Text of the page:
The Delhi High Court has said the Union Public Service Commission (UPSC) is within its rights to refuse re-evaluation of civil service examination papers.
The order virtually dashes hopes of lakhs of candidates who fail to clear despite performing very well but think
they stand a chance after a re-look and can even approach courts if the commission fails to accede to their request.
The court ruling came on a petition filed by N. Geeta Swapna, an aspiring IAS officer from Delhi who appeared for the Civil Service (Main) Examination (2006).
Swapna said she had done “very well in all the papers” but could not make it to the merit list as she secured only 64/ 200 and 126/300 respectively in English Essay and Psycology-II papers. She wrote a letter to the UPSC seeking re-evaluation of these two papers.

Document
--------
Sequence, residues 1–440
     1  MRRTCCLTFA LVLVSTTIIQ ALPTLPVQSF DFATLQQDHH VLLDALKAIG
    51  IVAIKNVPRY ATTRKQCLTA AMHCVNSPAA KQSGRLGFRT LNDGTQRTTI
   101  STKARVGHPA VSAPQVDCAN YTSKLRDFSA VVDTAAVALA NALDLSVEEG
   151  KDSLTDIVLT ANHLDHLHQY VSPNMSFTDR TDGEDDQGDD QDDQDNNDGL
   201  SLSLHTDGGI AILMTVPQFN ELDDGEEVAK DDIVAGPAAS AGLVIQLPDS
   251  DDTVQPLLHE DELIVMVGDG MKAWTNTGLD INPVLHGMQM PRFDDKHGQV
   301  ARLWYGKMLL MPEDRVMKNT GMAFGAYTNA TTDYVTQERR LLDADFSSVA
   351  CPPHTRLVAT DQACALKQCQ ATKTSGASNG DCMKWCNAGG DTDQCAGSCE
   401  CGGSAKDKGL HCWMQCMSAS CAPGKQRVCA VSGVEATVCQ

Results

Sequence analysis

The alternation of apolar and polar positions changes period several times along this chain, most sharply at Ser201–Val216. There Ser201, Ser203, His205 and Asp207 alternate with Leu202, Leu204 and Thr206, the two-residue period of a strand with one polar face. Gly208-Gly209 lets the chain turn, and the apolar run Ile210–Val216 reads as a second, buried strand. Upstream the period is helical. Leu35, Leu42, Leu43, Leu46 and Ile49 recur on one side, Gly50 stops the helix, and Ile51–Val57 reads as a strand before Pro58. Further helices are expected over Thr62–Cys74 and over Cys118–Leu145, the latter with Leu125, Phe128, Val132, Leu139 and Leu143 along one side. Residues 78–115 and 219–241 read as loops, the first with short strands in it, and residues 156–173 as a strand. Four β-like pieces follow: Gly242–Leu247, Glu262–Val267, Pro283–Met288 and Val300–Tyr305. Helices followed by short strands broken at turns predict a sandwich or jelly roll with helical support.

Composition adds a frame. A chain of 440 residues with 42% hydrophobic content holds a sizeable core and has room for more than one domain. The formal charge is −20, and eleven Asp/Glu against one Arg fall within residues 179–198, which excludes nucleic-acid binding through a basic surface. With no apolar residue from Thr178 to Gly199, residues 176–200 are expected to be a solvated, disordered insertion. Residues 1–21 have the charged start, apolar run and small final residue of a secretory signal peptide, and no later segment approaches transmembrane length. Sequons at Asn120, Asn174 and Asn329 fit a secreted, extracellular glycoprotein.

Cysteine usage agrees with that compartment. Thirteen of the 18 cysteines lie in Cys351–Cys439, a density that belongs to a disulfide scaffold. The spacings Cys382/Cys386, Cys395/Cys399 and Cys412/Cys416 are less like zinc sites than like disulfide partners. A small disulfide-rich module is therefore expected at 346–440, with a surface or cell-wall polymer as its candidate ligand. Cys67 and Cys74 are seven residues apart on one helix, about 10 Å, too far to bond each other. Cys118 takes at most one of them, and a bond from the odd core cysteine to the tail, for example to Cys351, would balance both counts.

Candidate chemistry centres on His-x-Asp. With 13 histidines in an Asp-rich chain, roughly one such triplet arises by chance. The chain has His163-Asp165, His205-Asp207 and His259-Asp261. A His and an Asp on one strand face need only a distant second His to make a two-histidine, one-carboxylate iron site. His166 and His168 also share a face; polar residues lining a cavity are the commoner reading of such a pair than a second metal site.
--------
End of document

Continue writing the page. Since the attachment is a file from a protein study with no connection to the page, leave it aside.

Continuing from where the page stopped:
The commission said the two papers were “rechecked and retotalled” but no error was noticed. She was told rules did not permit “re-evaluation”.
Seeking justice, she moved the Central Administrative Tribunal (CAT), contending UPSC ought to have rechecked her papers by an “independent expert in the field” as the “evaluation was done by persons who were unqualified and incompetent”. She accused the commission of acting “arbitrarily”.
But her application was dismissed by CAT, saying there were no rules which permitted re-evaluation and it was impossible to issue a direction to the UPSC. It was then she approached the Delhi High Court.
The commission explained to the court “practical difficulties” in permitting re-evaluation of answer sheets after the declaration of the results and judges S. Muralidhar and Suresh Kait were convinced.
The HC said: “No error can be found in the UPSC evaluation system. There is no rule requiring it to undertake revaluation of the answer sheets. We are not at all impressed by the submission that the evaluation of the answer sheets of the petitioner in the first instance was done by the persons who were not qualified or competent.”